Schools should meet the new requirements of single parents or working couples. They should play a subsidiary role rather than replace parents, keeping in mind changes in society.

We believe that a child should start compulsory schooling at the age of four and that it should last 11 years.

We also want to harmonise educational objectives by agreeing on what a student should learn during his studies. We don’t want to standardise the content; that responsibility is delegated to each linguistic region. Here I’m referring to language learning, of course.

swissinfo: What are the main values that people should learn at school?

I.C.: Equality, fairness, freedom, responsibility and democracy. Schools should also help students integrate. Otherwise, their aim should be to pass on knowledge. Part of our political responsibility is for our children to master certain skills.

But it’s not enough to know how to read, write, count and do sums; schools should also aim to teach children how to become members of society, and they should introduce them to the world of art and look at ethical questions.

I am aware that an all too high percentage of students leave school without learning the basic skills, and this is unacceptable.

swissinfo: What do you think about the quality of education in Switzerland?

I.C.: We shouldn’t underestimate ourselves. The level of education here is high and immigrants are well integrated. We have the highest share of young people finishing secondary education or vocational training.

But we also have to accept a certain number of shortcomings. The 2003 Pisa study showed that Switzerland’s education system is not one of the world’s best. For our students sake we need to insist on achieving excellence.

swissinfo-interview, Mathias Froidevaux with Emilie Bay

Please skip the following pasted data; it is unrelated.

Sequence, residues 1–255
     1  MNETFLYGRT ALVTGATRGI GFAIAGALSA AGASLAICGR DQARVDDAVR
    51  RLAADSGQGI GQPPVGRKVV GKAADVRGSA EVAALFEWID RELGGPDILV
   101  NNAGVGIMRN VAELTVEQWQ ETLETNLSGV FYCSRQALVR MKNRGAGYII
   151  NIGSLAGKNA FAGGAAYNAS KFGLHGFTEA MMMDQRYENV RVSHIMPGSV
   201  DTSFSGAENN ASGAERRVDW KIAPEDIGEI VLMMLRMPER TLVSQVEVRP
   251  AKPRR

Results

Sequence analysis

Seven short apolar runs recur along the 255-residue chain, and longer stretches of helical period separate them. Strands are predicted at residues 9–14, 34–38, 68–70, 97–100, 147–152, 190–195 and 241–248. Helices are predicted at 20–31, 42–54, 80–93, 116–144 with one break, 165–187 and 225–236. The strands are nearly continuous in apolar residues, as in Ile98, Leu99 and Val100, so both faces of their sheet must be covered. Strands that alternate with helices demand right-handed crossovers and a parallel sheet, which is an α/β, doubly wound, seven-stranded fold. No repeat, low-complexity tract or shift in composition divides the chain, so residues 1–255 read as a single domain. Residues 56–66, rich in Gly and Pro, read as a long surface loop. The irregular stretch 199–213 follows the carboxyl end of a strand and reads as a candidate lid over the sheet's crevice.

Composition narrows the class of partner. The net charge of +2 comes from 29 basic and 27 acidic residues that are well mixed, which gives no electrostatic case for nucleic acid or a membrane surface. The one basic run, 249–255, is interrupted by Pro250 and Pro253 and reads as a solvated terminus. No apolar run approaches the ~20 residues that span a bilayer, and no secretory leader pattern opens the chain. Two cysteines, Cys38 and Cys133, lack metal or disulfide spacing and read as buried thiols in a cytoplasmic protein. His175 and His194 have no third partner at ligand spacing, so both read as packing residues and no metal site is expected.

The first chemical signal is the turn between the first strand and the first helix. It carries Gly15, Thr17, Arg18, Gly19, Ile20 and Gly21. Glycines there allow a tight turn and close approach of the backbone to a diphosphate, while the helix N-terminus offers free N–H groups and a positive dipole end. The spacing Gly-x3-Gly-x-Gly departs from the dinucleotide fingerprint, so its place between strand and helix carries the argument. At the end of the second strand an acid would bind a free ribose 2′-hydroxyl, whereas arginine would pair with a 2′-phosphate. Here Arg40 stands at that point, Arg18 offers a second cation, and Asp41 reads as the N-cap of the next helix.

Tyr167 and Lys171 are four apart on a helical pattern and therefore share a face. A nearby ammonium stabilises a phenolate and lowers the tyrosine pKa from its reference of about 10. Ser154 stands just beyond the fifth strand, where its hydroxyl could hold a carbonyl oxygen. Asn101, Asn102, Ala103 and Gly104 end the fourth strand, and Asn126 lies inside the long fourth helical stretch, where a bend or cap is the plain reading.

Switzerland spends SFr11,000 annually on each student – SFr3,000 more than the average for 29 OECD countries.
In 2003 Switzerland spent SFr26 billion on education – the cantons spent SFr22.3 billion and the government spent SFr3.5 billion; the government also finances the two federal institutes of technology.

On May 21, 2006 the Swiss people and cantons voted in favour of a constitutional amendment concerning education. The cantons maintain their autonomy in education matters but are obliged to harmonise the main aspects of the education system.

At the beginning of July 2006, the government voted to limit its increase in funding for training, research and innovation to 4.5% for the 2008-2011 period.

Under Switzerland’s federalist system the country’s 26 cantons enjoy a large degree of autonomy in education matters. And, together with each community, they are largely responsible for the financing of education (90%).

The Bologna Declaration of 1999 aims to create a European Higher Education Area by 2010. Switzerland is one of 45 countries in Europe that signed up to the accord, whose aim is to harmonise European higher education to make it more attractive internationally.

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SWI - a branch of Swiss Broadcasting Corporation SRG SSR